Writing a great sales CV is one of the toughest challenges you face when applying for jobs. For most candidates, getting your foot in the door and securing the interview is the hardest part, especially when most employers spend no more than a few seconds scanning each CV before making their short-list decision. Securing your spot There’s no right or wrong way to put together a hard-working CV, but there are some tricks to staying out of the immediate ‘no’ pile. To help you get that all-important interview, we’ve compiled a list of nine steps to create a winning CV.
1. Write in the first person.
A CV is about you, written by you. You’re not writing a review of another person. It’s a consolidation of your experience to date, from your point of view. Stick to ‘I’, and avoid ‘he, she, or they’.
2. Apply a simple, well-known layout based on three key sections
You’re going to include a lot of information in a just a few pages, so it’s important to make sure everything is presented neatly and tidily, and nothing is missed out. Following this guide should help you to keep things simple.
a) Name, contact details, profile and summary (include your LinkedIn details, particularly if you’re active in your industry or publishing articles).
b) Your experience, knowledge and achievements.
c) Qualifications and other information.
3. Good presentation is essential
Use consistent formatting, professional fonts, and a simple, clear layout as we’ve outlined above. The presentation of your CV is the first thing hirers will notice, so it needs to impress.
4. Quantify your experience with statistics.
You work in sales, and it’s your successes and your ability to sell products, grow businesses, and get others excited in your concepts and ideas that make you good at what you do. Unless you demonstrate how you have excelled in your field by showing tangible results, your CV won't do you justice. Sales managers should demonstrate their achievements alongside targets, working speed alongside results of hiring, evidence of growing and building sales teams. Led any major company successes? List them.
5. Describe the sales process you currently follow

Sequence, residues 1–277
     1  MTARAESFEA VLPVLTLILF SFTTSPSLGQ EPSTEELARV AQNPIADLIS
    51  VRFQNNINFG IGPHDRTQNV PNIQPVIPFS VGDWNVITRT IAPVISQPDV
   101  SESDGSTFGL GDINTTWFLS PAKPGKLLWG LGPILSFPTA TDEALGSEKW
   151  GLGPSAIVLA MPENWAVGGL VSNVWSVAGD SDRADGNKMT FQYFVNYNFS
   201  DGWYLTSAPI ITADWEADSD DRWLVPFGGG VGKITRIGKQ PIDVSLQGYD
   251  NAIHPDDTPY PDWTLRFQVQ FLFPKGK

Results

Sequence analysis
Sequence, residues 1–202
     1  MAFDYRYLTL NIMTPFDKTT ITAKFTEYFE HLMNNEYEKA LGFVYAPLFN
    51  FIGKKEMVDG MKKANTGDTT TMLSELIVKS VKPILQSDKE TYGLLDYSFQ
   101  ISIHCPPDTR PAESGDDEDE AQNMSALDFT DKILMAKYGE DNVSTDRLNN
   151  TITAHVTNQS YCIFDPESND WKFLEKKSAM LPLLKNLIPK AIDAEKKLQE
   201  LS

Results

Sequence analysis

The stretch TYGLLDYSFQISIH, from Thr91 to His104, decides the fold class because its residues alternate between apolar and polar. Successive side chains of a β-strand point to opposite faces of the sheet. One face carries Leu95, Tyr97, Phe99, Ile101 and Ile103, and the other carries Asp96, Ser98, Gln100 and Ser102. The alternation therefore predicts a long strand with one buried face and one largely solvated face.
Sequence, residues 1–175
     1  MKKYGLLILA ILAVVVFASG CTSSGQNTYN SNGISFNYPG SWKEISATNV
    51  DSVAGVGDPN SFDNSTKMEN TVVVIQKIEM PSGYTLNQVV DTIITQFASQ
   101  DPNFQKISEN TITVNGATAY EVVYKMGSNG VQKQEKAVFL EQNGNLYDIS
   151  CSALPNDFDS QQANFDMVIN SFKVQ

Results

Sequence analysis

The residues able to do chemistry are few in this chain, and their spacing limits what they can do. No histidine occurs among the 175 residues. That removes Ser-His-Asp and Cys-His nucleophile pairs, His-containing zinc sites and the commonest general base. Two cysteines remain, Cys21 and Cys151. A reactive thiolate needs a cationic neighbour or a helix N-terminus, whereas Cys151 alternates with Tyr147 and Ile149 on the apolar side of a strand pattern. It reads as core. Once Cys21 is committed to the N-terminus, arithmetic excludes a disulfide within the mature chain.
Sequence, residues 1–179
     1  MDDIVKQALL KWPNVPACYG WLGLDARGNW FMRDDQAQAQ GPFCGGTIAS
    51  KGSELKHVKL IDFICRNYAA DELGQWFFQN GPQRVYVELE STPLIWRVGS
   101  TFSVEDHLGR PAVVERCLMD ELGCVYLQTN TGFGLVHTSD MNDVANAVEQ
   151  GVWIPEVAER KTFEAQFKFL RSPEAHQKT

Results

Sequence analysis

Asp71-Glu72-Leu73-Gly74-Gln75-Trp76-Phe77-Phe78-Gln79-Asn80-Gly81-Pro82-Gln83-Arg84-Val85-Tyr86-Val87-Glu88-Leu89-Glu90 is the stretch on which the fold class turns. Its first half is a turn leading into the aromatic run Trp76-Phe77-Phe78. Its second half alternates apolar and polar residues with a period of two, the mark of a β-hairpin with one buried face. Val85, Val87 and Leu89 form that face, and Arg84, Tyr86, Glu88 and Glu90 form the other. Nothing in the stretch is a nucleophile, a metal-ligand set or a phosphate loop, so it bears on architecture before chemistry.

Companies hiring in sales are interested in what routes to market you’ve worked in. Whether it’s through channels, vendors, third-party distributors, supermarkets, retailers, direct to businesses, or somewhere else, they’ll want to hear about your experience.
6. There’s no need to “say cheese”
Unless you’re applying for an acting or modelling job, most companies won’t be interested in a photo. Save this space for compelling content that will work harder for you, and simply direct employers to your LinkedIn, where they’ll find your headshot, along with even more valuable information.
7. Keep it short
If you have less than five years of sales experience, your CV should be no longer than two pages, and three pages if your experience spans longer. Just remember, employers are short on time, so don’t send them your life story. Find more tips in our blog “How to Ace CV Filtering Software”
8. Dates just don’t matter
While it might have been something you were taught at school, there’s no need to include dates of qualifications. But, you definitely should include the details about which grades you achieved, and where you studied.
9. Stay current
Unless you want to, there’s no requirement to include any experience that is over 15-20 years old. Of course, if you have some remarkable achievements that will help sell yourself, include them. But this part of the CV is rarely looked at and could go under the radar.